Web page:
Very cross contamination

In the middle of my “Wow, life is awesome, so many things and people to be thankful for” festive spirit, I have been glutened for the third time in as many weeks. The first time was a serious glutening the like of which I haven’t experienced since diagnosis (thank goodness) that left me miserably ill for the worst part of a week. The latter two were simple cross contaminations, but this last one has left me feeling very flat and really quite cranky.

I had planned to spend this week writing positive, uplifting things about finding my calling and what I am thankful for, but I can’t leave this unsaid. You should not be able to get a food handling certificate, or be employed to work in any place that serves food, until you understand cross contamination. Because here’s the thing: cross contamination can make a person with coeliac disease or other serious food intolerances very miserable (and cross, in fact!), but for people with severe allergies, it can kill.

So what the heck is cross contamination? It’s when food that is free of a particular substance – such as gluten, dairy, egg or nuts, which are some of the common allergens – comes into contact with food, or even traces of food, that is not free of that substance. That food is now contaminated with the allergen, and is no longer safe for people with serious allergies to eat.

So, for example, if you pick up a slice of gluten free cake with the same tongs you just used to pick up a slice of cake made with wheat flour, that cake is no longer gluten free. If you store the “gluten free cookies” in the same basket as those made from wheat, rye, oats or barley, those cookies are no longer gluten free, and should not be sold as such.

If you deep fry potato chips in the same oil in which you deep fry, say, fish in batter made from wheat flour, or chicken nuggets with bread crumbs, then those chips are not gluten free. Any BBQ which is not used exclusively for gluten free food is not gluten free unless it is cleaned back to shining metal before use. The standard “heat it up, slather it with oil and then scrape it off” technique does not leave the BBQ gluten free. Most BBQs are contaminated from sausages (many of which contain wheat flour), or marinades, almost all of which contain gluten in some form. Many BBQs are also contaminated with peanuts, from satays or marinades containing peanut oil.

At the cafe that poisoned me today, I asked for a piece of gluten free cake. Because the waitress had just pointed to a bunch of cookies in a basket and said that half of the cookies in that basket were gluten free, I specifically asked her to make sure the tongs used on the cake were clean, as otherwise the cake would not be gluten free. I pointed to the cookies and said “they are not gluten free, because they are now contaminated.”

She said of course she would, but looked at me as though I was a nutter – just another difficult customer, probably with OCD. Another staff member meanwhile served the cake, and sadly I was not paranoid enough to ask about the tongs again. I do get tired of making life difficult for people – I know what a pain it is trying to avoid cross contamination.

However, the price I pay for this lack of paranoia is severe stomach pains, feeling like I want to throw up, and running to the toilet every 20 minutes. Also feeling miserably exhausted and wanting to curl up and die. From a minor poisoning like this one I will probably feel ok tomorrow, just drained. From a more severe poisoning it could be a week of extreme unpleasantness. But I am merely intolerant, not allergic. If those crumbs had been nut crumbs and my allergy was a severe nut allergy, I could be dead because that waitress did not understand cross contamination.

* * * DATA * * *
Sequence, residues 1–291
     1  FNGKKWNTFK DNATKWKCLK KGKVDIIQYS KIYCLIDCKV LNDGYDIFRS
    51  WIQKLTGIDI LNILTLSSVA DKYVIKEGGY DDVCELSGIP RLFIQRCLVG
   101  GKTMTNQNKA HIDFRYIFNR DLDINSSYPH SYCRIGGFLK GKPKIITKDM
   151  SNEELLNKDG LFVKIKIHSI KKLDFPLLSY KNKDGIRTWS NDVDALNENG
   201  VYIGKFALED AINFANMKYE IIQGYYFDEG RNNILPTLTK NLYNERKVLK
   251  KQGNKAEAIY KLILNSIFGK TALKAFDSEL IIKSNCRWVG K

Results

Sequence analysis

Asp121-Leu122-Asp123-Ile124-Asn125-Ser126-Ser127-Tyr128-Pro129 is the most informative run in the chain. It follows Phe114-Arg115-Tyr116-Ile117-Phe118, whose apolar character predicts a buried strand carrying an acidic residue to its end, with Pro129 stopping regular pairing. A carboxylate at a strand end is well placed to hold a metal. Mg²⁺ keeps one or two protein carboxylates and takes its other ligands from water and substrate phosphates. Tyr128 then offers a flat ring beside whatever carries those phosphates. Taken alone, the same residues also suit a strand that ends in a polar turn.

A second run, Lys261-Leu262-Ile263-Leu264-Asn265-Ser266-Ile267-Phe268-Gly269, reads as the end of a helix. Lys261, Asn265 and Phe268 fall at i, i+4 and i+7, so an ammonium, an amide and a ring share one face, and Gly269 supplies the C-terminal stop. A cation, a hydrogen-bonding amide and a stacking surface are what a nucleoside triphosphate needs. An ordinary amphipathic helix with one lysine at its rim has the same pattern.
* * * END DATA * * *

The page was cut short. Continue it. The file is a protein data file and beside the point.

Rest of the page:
Yes, I could simply not eat out, but that is incredibly socially limiting. I try to give my kids (who also suffer from food intolerances) a normal life, and a normal social life. So we occasionally pay the price with cross contamination. But if we had a life threatening food allergy in the family, I don’t think we could take that chance. I understand that people make mistakes, and sometimes cross contamination happens even in my own kitchen, despite my best efforts. But to have no clue what cross contamination is, or the consequences for people with serious food allergies – I think that’s inexcusable for someone working in the restaurant/cafe industry.

 

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5 Comments

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5 responses to “Very cross contamination

  1. Joe

    Just curious if the high failure rate (somewhat) correlates to a seasonal high risk exposure rate?

    • lindamciver

      I was pondering that myself, Joe. I don’t think so. One of the poisonings was a restaurant we’ve been to so many times before with no problems, but there were some new staff and I wasn’t paranoid enough. Yesterday I should have known better – the signs were fairly strong that it wasn’t a safe venue, based on the cookies, so I would normally not have taken the risk. Don’t know what I was thinking!

  2. I totally agree. It annoys me greatly that people working in the food industry seem to have such little awareness about allergies, intolerances and cross contamination. Everyone working in food is required to have a food handlers certaificate-which is ridiculously easy to obtain (I have one myself-it took about 2 hours of ‘training’ to obtain).. I have a nut allergy, and the amount of times I have had an allergic reaction to (especially pesto) is ridiculous. I’ve experienced cafe workers who don’t even know pesto cointains nuts (!) and others who use the same stirring spoon to stir multiple pots. It’s dangerous, and astounds me in this day and age where is supposedly increased awareness of allergies, that this still goes on.

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